With college graduation just around the corner, the job market is about to be flooded with entry-level talent looking for full-time jobs and internships. For employers, taking advantage of the influx of newly minted professionals can be as simple as having a good campus recruiting strategy in place. “College recruiting is a smart, predictable, scalable way to bring talent into any organization,” said Tey Scott, director of talent acquisition at LinkedIn. “Smart companies know they need to invest in early-in-career talent to compete in the long term. In tech in particular, getting early-in-career technical talent in the door may be the difference between being able to scale their company fast enough to deliver on product road maps or not.” The college career fair is the traditional method of on-campus recruiting, but based on LinkedIn’s success, Scott recommends implementing out-of-the-box initiatives that provide value on campus while also getting in front of targeted recruits.
“The question we asked ourselves was, what would it take to identify nearly all early-in-career talent without having to rely on physical on-campus events?” she said. “To start, we looked beyond focusing our efforts solely on specific universities and schools, which tends to result in a limited pool of applicants over time. We moved away from career fairs at well-known universities and began thinking regionally, which has allowed us to successfully engage with, train and attract various student groups on our platform.”
Scott noted that LinkedIn has also made it a priority to organize more unique, engaging events, such as offering students help with their LinkedIn profiles and taking their headshots.
“LinkedIn’s vision is to create economic opportunity for every member of the global workforce, so by focusing more on supporting students’ professional development rather than focusing on recruiting, we can empower students to hone their professional skills to help them land their dream job,” Scott said.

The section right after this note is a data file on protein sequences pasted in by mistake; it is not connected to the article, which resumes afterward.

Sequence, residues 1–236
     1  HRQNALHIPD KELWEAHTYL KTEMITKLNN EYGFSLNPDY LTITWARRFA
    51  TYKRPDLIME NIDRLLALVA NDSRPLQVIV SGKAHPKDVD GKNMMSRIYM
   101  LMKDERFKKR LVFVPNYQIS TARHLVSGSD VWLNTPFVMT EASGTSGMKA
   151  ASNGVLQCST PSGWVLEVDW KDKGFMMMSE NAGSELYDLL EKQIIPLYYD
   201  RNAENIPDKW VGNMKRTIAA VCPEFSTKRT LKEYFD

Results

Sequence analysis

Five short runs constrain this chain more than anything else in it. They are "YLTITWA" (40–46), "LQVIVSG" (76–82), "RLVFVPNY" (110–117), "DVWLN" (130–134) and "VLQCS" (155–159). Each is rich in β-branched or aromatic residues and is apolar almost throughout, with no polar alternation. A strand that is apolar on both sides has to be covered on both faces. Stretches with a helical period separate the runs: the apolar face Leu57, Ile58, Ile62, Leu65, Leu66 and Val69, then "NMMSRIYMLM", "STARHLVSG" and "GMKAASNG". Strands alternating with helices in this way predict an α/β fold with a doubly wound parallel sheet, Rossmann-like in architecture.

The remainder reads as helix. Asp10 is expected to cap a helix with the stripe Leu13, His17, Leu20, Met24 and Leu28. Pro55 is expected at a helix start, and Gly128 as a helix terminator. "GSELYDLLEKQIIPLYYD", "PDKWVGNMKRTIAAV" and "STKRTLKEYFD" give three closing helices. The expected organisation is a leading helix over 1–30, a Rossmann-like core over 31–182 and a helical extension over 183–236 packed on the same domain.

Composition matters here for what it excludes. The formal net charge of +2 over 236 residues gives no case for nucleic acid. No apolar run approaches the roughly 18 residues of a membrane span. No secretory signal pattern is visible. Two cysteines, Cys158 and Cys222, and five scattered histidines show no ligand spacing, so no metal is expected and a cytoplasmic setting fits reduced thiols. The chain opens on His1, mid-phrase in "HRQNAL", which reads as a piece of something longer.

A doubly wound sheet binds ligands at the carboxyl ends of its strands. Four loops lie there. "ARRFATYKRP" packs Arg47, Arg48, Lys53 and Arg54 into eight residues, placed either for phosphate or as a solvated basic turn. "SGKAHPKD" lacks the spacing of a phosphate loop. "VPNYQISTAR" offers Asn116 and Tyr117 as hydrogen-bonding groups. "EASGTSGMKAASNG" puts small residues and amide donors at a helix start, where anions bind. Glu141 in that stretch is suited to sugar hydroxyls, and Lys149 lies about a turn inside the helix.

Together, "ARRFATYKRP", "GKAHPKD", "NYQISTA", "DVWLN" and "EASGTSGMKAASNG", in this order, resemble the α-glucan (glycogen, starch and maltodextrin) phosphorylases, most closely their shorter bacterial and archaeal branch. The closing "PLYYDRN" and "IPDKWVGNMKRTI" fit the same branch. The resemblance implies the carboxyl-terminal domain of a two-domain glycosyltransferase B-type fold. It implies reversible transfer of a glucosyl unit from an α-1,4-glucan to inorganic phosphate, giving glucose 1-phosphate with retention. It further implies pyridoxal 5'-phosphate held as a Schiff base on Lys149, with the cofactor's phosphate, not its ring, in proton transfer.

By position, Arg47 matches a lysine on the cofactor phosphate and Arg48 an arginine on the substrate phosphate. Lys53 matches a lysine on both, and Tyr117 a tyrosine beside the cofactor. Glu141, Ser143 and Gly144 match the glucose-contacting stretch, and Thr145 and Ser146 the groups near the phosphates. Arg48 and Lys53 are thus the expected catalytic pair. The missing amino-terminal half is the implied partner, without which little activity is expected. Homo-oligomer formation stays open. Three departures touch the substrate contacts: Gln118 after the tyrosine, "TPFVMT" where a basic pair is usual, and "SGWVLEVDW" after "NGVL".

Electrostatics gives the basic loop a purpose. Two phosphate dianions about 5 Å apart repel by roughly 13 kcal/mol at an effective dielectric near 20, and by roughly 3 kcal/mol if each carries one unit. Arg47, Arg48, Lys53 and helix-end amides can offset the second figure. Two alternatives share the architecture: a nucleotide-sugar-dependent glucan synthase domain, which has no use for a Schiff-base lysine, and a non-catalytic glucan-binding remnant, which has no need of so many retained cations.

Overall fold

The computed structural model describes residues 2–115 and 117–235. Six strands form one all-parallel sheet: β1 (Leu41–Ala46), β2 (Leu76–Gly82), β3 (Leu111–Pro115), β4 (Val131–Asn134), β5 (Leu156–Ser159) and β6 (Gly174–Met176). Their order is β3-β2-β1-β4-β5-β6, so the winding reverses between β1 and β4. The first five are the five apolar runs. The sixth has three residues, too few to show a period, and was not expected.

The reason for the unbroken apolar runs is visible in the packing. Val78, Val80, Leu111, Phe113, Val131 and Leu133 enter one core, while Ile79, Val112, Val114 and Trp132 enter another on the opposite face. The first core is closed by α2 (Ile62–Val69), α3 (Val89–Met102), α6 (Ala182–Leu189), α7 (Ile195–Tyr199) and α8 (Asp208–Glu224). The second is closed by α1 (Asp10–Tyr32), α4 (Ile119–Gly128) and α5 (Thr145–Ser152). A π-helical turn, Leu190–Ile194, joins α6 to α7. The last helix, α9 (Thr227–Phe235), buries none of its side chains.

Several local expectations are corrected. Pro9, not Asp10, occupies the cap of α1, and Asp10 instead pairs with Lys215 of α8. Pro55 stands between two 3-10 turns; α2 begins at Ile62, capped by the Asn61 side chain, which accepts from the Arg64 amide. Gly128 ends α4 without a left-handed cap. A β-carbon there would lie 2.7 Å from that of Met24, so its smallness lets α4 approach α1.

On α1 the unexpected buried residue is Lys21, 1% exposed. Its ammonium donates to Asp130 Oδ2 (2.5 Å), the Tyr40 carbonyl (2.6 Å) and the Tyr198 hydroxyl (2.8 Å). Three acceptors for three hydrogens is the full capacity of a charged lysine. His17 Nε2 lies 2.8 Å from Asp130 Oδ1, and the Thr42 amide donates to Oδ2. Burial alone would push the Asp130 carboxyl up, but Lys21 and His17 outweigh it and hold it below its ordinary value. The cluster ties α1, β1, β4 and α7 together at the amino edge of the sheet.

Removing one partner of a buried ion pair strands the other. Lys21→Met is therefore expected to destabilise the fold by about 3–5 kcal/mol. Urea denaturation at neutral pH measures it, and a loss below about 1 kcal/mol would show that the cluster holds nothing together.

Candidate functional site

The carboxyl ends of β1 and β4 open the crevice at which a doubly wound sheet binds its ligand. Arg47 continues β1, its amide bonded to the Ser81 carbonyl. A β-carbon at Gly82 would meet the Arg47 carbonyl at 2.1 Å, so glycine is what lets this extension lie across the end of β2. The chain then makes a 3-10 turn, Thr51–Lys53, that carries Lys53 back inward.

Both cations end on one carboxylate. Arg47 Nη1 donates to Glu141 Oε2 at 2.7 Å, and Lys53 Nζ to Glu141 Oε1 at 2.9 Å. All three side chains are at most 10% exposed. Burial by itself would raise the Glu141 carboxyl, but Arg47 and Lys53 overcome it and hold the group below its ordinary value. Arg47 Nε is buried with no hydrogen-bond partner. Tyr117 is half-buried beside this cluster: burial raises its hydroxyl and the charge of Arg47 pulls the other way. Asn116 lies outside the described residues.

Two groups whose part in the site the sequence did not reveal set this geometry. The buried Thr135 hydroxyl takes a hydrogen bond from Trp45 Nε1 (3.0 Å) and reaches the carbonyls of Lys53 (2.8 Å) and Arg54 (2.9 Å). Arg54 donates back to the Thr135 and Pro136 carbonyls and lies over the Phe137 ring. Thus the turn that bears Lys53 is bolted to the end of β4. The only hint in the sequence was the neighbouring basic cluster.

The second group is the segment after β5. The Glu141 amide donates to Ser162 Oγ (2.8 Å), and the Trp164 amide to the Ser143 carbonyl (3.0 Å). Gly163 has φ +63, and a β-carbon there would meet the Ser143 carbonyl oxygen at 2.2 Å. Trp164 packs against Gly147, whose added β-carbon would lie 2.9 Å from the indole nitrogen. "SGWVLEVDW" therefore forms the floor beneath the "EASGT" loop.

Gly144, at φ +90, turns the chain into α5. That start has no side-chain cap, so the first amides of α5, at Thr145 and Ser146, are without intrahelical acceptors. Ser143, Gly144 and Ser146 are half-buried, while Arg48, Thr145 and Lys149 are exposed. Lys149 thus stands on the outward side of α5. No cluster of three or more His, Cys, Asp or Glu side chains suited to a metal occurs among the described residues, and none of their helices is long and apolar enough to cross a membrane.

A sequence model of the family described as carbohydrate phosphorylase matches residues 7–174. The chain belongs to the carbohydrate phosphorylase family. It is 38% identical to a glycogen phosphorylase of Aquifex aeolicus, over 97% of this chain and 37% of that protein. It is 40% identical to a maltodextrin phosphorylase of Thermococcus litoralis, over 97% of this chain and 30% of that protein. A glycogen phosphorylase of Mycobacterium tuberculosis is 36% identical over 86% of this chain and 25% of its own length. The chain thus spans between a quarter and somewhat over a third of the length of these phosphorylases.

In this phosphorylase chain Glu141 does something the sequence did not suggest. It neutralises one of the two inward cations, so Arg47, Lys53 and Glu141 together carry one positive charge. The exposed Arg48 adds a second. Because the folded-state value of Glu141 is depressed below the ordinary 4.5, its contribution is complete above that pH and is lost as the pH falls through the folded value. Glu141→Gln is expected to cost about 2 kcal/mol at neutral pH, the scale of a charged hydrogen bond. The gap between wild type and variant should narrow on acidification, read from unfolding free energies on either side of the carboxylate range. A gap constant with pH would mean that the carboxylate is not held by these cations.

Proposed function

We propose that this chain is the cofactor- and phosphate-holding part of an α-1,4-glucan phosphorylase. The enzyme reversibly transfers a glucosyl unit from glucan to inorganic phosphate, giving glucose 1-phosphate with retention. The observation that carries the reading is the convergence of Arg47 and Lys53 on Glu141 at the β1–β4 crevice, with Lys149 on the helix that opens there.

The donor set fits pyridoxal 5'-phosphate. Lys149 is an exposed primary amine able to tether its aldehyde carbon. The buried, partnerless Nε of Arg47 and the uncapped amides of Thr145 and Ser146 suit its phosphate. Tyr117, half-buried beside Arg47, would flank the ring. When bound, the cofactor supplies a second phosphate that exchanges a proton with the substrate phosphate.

Creating a smart campus recruiting strategy
When you’re building a program to attract early-career professionals, branding is everything, said Scott. Mobilizing employees to attend on-campus events like career fairs and mock interviews can be time-consuming and expensive, Scott said — and more importantly, you may not come away finding the best, most diverse talent if you limit yourself to a few select schools.
“If you are a company looking to build your brand, we suggest getting out in front of as many students as possible to see what kind of talent you can attract,” she said. “Chances are you will find you don’t want to limit yourselves to the traditional model of campus recruiting and instead want to broaden your reach.”
In a LinkedIn blog post, Scott offered the following tips for employers looking to find great entry-level talent in the soon-to-be college graduate pool:
1. Focus on targeting by region, not by school. Scott noted that this broadens your pool of potential candidates and, in tandem, the diversity of your pool.
2. Host professional development events. You can engage potential candidates better by branding your efforts as a “development” event, rather than one designed solely for recruitment, said Scott. For example, LinkedIn hosts profile stations on campuses to help students take professional headshots and increase their job prospects.
3. Build and develop programs that encourage hands-on interaction. LinkedIn developed a new program called Accelerate U to provide promising candidates a forum to learn, engage and connect through daylong workshops around professional branding, networking and interview skills.
“The key to our success with the program has been placing emphasis on the importance of skill building through workshops around personal branding, networking and interviewing,” Scott said. “Our goal is to arm students with the skills necessary to put their best foot forward in interviews not just for our company, but for any professional opportunity they choose. By adding value for candidates and a sense of authenticity to our recruitment initiatives, we’ve seen our programs resonate more with on-campus audiences.”